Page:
Analysing of financial patterns and movements is as old as stock exchanges themselves, but in recent decades the sophistication of these methods has grown exponentially as machine-led algorithms have exponentially improved at modelling the real world.
For today’s professionals, technical and fundamental analysis has become an invaluable tool, yet the rise of new technologies, and deep-learning algorithms, promise the potential to automate this process fully at a speed and rate of success far beyond the reach of human capacity.
A new report out this month – Machine Learning in Finance Market 2019-2024 – highlights the range of machine learning tools already available the finance sector, providing a detailed study of different aspects of the global market and outlining the key players, fluctuations and changing market trends.
What role will artificial intelligence and machine-learning play in financial analysis going forward as returns from algorithmic analysis improve?
Machine Learning growing
A recent project by the trading company IG, 13 of its financial writers and analysts submitted predictions describing what trading technology might look like in the year 2069. Their expectation was that algorithms will be able to highlight opportunities to a trader automatically and will be able to recommend trading strategies based on the analysis these algorithms have carried out.
According to IG, the big problem with the current form of algorithmic trading is that it requires constant monitoring and back-testing to ensure the algorithms are working correctly.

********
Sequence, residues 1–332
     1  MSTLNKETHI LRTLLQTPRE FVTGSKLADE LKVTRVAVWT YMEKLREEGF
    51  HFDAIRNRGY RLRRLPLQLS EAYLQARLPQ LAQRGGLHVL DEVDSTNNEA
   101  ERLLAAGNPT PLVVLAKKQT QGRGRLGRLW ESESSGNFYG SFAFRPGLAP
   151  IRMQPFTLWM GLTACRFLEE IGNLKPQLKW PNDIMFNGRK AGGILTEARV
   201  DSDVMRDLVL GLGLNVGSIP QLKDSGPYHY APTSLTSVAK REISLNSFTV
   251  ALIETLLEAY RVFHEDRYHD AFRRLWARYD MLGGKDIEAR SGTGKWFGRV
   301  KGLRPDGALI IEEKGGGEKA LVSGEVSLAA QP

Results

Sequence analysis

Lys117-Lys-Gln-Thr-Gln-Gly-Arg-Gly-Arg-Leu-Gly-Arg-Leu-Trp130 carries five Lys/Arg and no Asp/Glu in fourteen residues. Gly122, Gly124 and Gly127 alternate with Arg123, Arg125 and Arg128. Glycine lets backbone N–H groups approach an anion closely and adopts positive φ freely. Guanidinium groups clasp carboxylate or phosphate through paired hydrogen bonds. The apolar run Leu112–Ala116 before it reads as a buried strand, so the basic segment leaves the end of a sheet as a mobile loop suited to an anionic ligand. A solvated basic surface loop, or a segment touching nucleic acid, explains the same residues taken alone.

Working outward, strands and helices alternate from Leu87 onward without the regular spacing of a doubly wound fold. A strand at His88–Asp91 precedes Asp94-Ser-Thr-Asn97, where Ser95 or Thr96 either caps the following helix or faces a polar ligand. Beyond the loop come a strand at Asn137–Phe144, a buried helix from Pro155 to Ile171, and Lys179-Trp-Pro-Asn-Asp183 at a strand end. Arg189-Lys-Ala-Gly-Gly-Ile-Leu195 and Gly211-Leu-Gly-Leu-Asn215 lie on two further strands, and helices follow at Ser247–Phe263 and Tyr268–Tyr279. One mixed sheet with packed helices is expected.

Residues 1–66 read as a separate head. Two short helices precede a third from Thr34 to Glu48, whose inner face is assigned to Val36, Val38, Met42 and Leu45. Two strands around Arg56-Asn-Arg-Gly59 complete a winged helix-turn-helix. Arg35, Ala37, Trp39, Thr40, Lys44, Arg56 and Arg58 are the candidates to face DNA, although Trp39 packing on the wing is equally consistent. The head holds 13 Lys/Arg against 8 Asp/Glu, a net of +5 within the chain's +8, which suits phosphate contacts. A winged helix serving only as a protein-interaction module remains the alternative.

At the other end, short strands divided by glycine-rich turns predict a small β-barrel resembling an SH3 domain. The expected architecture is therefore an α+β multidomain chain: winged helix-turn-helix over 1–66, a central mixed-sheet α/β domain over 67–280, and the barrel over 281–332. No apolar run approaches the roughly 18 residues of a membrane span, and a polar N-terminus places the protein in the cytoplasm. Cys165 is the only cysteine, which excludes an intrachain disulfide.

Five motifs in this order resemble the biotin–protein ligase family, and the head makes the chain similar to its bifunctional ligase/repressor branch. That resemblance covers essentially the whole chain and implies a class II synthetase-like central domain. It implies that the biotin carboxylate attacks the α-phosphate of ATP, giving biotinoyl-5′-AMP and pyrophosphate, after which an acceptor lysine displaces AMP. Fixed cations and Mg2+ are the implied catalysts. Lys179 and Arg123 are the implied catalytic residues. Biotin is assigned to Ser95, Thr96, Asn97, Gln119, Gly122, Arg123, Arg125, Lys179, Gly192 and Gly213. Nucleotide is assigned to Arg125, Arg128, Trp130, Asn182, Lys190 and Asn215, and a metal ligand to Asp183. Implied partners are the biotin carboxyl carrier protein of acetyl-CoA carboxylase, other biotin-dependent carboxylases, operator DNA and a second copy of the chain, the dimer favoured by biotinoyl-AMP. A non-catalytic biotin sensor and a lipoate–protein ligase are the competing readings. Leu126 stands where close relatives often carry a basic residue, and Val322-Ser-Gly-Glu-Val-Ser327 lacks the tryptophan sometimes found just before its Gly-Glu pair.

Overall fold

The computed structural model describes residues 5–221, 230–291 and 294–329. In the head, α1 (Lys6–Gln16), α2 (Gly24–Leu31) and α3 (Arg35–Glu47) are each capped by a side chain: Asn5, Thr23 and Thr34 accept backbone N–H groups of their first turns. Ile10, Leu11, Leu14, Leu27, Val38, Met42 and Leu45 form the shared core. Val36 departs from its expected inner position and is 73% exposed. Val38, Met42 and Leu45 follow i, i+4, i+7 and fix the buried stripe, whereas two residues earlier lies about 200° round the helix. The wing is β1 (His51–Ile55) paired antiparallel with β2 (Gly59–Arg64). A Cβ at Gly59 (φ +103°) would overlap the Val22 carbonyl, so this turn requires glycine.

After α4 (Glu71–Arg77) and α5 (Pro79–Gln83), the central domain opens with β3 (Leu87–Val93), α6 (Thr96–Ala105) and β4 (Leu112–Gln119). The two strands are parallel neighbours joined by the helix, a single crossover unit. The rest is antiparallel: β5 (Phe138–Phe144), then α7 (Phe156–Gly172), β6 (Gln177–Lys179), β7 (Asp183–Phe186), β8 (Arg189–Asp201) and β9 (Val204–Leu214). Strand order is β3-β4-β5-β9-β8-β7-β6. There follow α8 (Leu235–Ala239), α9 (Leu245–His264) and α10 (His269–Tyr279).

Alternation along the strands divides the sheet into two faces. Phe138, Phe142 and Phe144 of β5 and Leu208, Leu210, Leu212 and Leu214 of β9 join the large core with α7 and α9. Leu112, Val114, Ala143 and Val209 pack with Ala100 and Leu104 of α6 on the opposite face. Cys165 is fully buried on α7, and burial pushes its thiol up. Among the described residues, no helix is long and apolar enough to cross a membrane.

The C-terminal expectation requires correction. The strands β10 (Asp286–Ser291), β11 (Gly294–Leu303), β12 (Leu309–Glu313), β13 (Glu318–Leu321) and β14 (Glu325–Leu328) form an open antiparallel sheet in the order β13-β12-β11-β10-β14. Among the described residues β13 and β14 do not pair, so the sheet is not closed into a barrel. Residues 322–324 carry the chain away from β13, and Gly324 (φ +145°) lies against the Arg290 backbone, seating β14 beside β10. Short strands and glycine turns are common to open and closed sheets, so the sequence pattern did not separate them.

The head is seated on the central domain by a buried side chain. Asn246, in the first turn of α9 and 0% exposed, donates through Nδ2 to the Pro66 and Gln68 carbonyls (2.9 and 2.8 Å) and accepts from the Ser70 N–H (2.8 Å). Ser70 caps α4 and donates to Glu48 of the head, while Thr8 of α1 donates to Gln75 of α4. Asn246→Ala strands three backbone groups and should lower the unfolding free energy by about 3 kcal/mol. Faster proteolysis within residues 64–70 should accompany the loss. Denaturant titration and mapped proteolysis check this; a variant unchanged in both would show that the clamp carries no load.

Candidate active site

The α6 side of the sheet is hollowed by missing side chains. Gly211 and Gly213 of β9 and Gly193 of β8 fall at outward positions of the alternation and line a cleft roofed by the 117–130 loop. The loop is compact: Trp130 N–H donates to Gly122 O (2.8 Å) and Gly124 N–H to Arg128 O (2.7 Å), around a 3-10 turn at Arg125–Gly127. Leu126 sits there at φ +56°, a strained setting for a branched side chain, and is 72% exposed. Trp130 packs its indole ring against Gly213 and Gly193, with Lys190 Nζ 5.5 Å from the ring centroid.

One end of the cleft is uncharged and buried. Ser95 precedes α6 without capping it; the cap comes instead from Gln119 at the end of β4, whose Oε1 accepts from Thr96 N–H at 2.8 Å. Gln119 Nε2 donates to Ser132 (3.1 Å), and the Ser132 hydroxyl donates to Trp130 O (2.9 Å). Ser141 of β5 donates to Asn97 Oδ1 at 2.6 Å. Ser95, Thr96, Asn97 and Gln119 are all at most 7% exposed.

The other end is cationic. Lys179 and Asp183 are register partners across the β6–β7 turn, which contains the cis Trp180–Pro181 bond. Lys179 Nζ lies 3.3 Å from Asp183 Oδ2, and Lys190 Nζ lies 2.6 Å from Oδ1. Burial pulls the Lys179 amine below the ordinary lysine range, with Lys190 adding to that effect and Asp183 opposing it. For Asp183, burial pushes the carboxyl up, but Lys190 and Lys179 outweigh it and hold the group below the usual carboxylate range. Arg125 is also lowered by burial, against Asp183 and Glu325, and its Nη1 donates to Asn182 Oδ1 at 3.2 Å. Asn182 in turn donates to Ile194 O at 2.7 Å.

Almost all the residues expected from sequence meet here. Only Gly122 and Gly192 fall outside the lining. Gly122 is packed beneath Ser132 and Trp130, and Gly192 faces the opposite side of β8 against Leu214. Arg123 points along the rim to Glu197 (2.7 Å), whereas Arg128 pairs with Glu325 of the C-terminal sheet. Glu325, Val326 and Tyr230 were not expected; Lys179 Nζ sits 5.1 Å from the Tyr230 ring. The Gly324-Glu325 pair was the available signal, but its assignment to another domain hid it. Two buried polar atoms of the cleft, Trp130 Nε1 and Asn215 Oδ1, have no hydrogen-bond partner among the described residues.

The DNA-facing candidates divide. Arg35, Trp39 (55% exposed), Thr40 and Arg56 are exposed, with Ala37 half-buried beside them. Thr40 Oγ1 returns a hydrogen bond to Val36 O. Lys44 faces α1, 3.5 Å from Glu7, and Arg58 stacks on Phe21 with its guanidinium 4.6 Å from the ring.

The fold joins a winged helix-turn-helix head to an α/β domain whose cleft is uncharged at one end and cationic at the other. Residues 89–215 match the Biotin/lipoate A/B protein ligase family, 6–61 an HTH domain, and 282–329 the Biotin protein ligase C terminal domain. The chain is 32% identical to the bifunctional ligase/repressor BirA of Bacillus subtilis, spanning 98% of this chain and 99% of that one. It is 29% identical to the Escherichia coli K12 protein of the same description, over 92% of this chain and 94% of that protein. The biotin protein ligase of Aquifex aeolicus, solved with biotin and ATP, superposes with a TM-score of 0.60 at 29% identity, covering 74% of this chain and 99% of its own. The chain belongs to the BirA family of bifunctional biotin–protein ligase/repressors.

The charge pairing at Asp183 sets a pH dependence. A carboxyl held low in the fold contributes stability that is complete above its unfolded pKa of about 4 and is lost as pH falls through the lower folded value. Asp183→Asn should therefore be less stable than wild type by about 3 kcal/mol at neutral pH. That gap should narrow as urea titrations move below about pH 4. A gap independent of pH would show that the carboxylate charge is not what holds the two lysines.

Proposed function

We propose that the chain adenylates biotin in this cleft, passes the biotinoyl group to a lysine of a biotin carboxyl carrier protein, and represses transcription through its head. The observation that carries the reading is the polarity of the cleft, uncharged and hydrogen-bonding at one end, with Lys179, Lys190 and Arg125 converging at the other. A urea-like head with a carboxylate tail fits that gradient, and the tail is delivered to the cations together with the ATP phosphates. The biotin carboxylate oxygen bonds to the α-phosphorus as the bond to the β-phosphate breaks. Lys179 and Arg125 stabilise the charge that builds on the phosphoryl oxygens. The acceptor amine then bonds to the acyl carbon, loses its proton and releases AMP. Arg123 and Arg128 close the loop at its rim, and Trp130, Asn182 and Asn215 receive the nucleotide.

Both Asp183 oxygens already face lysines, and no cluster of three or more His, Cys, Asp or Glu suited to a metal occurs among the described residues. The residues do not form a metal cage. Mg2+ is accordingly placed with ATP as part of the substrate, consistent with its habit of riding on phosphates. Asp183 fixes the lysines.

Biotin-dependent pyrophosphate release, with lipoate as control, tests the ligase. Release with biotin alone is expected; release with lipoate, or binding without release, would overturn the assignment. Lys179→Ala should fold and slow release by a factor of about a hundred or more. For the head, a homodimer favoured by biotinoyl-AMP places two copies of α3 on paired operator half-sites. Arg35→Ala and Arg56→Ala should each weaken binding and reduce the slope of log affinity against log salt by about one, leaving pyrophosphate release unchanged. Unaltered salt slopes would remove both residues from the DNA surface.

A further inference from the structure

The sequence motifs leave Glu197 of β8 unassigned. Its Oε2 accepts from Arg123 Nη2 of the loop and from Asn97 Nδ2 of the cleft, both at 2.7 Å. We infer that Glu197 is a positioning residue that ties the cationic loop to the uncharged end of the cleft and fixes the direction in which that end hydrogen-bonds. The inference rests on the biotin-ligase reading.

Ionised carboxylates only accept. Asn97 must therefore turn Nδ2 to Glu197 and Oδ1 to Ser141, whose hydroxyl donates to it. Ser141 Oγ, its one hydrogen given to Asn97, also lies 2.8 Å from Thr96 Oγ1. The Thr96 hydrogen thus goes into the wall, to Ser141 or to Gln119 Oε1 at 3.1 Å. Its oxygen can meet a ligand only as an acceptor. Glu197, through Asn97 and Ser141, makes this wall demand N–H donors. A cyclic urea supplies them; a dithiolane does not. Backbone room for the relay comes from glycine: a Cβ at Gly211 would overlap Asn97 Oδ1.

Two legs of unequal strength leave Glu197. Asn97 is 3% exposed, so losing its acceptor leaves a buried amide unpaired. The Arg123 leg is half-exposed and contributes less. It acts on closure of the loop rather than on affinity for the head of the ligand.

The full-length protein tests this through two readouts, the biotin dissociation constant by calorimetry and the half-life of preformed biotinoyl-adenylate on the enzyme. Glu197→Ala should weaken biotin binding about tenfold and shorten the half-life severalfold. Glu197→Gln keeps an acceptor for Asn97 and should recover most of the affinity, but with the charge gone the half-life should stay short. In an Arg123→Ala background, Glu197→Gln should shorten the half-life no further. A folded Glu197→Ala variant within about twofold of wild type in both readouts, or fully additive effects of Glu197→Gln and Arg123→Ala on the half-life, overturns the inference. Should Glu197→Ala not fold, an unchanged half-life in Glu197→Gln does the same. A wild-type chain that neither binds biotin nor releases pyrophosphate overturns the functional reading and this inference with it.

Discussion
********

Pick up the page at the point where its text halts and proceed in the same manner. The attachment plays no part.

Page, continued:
“By 2069, however, trading algorithms are predictive and can automatically find a range of opportunities, each with a different probability of success,” the report predicts.
Matthew Key, head of customer innovation, global banking and financial markets, at BT, cautions that many current algorithms remain remain limited by the logic that is built into the algorithm in the first place, potentially creating problems in a more dynamic volatile market.
“Machine-learning, on the other hand, has the ability to improve over time and should be part of any trading environment,” he notes. “These techniques also help with the speed of transactions and recent evidence shows machine-learning-based funds have higher returns than other options.”
In fact, most stock traders now depend on intelligent trading systems of one form or another to help predict prices based on various situations and conditions. Stock prices are also considered to be very dynamic and susceptible to quick changes, says Samuel Leach, director of Samuel and Co Trading.
Mr Leach adds: “Though it is very hard to replace the expertise that an experienced trader has gained, an accurate prediction algorithm can directly result into high profits for investment firms, indicating a direct relationship between the accuracy of the prediction algorithm and the profit made from using the algorithm.” In addition, he argues that the use of mathematics and algorithms eliminates
Even so, algorithms are still only able to make predictions based on the data available, says Mr Leach. “Take Brexit, for example, it has not been seen before and therefore algorithms do not know what to predict,” he explains.
Tim Kane, research fellow at the Hoover Institution, cautions: “The human ability to notice patterns or to decide which patterns make sense will always be critical. There has always been a fear that machines were going to take our place or take our jobs, but I believe this thinking is fundamentally flawed.”
“I wouldn’t trust my investment portfolio entirely to AI,” Dr Kane concludes. “Some funds do, but I expect they will have good days and bad days. If anything, computers have given us an ability to make insights that equity analysts alone weren’t capable of back in 1919. That will, I think, make the economy grow faster, but it will probably be coupled with a boom in employment in the financial sector.